Nightcap

  1. From the pussy hat to the liberty cap Marion Coutts, 1843
  2. Sweet waters grown salty Nathan Stone, Not Even Past
  3. A case for learning to read 17th century Dutch Julie van den Hout, JHIblog
  4. A danse macabre in Kermaria (Brittany) Kenan Malik, Pandaemonium

How Well Has Cuba Managed To Improve Health Outcomes? (part 2)

In a recent post, I pointed out that life expectancy in Cuba was high largely as a result of really low rates of car ownerships.  Fewer cars, fewer road accidents, higher life expectancy. As I pointed out using a paper published in Demography, road fatalities reduced life expectancy by somewhere between 0.2 and 0.8 years in Brazil (a country with a car ownership rate of roughly 400 per 1,000 persons). Obviously, road fatalities have very little to do with health care. Praising high life expectancy in Cuba as the outcome Castrist healthcare is incorrect, since the culprit seems to be the fact that Cubans just don’t own cars (only 55 per 1,000). But that was a level argument – i.e. the level is off.

It was not a trend argument. The rapid increase in life expectancy is undeniable, so my argument about level won’t affect the claim that Cubans saw their life expectancy increase under Castro.

I say “wait just a second”.

Cuba is quite unique with regards to car ownership. In 1958, it had the second highest rate of car ownership of all Latin America. However, while the rate went up in all of Latin America between 1958 and 1988, it went down in Cuba. During that period, life expectancy went up in all countries while there were substantial increases in car ownership (which would, all things being equal, slow down life expectancy growth). Take Chile and Brazil as example. In these countries, the rate went up by 6.9% and 8.1% every year – these are fantastic rates of growth. During the same period, life expectancy increased 25% in Chile and 19% in Brazil compared with Cuba where the increase stood at 17%. In Cuba, the moderate decline in car ownership (-0.1% per annum) would have (very) modestly contributed to the increase of life expectancy. In the other countries, car ownership hindered the increase. (The data is also from the WHO section on Road Safety while the life expectancy data is from the World Bank Database)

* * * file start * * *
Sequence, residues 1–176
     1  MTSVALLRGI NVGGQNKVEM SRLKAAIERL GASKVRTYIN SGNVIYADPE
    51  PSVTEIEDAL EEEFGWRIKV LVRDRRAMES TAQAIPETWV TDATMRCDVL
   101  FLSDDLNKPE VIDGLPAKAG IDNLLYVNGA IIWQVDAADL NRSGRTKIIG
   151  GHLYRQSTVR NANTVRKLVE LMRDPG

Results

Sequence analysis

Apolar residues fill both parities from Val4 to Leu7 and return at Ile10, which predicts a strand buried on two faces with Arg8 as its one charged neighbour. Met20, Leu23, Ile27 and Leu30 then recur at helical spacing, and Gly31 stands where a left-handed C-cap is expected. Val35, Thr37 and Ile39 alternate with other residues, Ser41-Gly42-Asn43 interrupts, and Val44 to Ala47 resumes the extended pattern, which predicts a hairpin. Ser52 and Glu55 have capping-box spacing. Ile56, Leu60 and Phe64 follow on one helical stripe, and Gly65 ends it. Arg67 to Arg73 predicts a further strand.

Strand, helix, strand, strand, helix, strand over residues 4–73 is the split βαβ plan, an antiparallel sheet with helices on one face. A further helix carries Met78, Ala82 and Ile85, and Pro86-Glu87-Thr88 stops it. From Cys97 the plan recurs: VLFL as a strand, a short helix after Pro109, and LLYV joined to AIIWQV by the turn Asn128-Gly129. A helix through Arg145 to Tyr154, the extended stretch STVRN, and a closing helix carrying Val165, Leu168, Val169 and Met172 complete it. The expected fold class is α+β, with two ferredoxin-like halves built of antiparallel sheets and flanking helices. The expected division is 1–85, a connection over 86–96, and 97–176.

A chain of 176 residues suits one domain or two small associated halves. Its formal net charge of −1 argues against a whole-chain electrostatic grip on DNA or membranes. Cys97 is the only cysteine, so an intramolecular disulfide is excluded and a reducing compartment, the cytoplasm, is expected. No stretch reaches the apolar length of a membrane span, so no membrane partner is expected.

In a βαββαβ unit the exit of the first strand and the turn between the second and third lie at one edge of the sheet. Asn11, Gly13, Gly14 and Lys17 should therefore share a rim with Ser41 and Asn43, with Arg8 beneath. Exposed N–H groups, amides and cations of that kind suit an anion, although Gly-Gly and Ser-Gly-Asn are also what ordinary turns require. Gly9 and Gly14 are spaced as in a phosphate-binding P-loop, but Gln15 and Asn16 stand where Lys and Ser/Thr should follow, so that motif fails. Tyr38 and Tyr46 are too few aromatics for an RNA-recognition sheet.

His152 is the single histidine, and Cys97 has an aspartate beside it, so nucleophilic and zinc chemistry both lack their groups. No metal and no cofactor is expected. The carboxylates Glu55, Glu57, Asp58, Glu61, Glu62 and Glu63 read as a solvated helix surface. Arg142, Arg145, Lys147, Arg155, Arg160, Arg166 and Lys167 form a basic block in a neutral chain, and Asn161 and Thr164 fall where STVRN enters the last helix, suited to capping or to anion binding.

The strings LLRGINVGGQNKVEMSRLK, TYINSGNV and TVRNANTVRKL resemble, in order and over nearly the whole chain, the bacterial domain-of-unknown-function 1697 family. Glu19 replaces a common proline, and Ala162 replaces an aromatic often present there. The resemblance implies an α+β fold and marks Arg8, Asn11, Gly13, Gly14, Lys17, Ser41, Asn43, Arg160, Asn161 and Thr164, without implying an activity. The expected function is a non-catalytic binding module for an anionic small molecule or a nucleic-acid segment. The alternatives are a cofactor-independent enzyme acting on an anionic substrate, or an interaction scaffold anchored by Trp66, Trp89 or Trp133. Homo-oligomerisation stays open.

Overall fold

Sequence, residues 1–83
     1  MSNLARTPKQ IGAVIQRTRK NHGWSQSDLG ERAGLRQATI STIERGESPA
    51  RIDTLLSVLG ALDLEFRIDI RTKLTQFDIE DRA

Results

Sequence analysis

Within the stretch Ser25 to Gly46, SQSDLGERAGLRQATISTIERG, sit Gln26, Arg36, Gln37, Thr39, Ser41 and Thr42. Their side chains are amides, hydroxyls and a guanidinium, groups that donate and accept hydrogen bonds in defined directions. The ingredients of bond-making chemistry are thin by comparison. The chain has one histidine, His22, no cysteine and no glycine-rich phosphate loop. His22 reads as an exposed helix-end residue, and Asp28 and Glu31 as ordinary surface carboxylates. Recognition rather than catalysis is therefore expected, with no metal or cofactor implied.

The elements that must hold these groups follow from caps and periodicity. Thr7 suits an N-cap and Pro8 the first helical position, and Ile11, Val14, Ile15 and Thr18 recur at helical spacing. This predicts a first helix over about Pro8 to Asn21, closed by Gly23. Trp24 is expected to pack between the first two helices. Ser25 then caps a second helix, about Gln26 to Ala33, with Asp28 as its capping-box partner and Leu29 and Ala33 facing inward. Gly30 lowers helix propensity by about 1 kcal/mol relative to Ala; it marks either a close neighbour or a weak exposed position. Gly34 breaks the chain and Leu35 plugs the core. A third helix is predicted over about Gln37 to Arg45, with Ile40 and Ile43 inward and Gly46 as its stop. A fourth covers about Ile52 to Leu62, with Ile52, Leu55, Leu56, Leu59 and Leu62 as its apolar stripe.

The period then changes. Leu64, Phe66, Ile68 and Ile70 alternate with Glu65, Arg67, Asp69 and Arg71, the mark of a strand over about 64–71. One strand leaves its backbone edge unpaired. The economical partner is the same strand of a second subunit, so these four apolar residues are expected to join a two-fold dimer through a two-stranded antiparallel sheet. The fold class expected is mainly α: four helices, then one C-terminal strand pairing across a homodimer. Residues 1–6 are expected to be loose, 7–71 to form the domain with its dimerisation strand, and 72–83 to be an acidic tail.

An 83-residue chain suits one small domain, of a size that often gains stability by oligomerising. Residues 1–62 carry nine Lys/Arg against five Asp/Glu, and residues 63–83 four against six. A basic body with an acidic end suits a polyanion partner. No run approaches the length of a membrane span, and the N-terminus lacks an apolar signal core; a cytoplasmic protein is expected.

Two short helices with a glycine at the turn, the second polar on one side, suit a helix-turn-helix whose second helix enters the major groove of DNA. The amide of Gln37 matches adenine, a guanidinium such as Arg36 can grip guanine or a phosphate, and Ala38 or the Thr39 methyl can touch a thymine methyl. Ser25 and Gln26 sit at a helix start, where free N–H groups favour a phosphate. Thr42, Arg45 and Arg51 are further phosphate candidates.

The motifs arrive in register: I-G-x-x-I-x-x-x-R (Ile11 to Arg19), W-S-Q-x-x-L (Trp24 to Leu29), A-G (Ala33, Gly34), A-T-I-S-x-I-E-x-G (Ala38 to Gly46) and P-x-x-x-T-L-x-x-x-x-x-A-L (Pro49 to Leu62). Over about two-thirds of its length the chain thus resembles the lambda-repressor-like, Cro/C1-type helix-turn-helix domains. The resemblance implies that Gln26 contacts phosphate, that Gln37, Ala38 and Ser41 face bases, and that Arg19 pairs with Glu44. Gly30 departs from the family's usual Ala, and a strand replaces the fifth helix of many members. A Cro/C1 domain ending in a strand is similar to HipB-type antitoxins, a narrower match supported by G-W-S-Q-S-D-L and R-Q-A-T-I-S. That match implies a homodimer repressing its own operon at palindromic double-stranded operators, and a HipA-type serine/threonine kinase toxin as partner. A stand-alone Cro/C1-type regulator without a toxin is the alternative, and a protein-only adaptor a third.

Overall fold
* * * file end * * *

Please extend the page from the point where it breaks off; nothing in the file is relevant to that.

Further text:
This does not alter the trend of life expectancy in Cuba dramatically, but it does alter it in a manner that forces us, once more, to substract from Castro’s accomplishments. This increase would not have been the offspring of the master plan of the dictator, but rather an accidental side-effect springing from policies that depressed living standards so much that Cubans drove less and were less subjected to the risk of dying while driving. However, I am unsure as to whether or not Cubans would regard this as an “improvement”.

Below are the comparisons between Cuba, Chile and Brazil.

cars

The other parts of How Well Has Cuba Managed To Improve Health Outcomes?

  1. Life Expectancy Changes, 1960 to 2014
  2. Car ownership trends playing in favor of Cuba, but not a praiseworthy outcome
  3. Of Refugeees and Life Expectancy
  4. Changes in infant mortality
  5. Life expectancy at age 60-64
  6. Effect of recomputations of life expectancy
  7. Changes in net nutrition
  8. The evolution of stature
  9. Qualitative evidence on water access, sanitation, electricity and underground healthcare
  10. Human development as positive liberty (or why HDI is not a basic needs measure)

How Well Has Cuba Managed To Improve Health Outcomes? (part 1)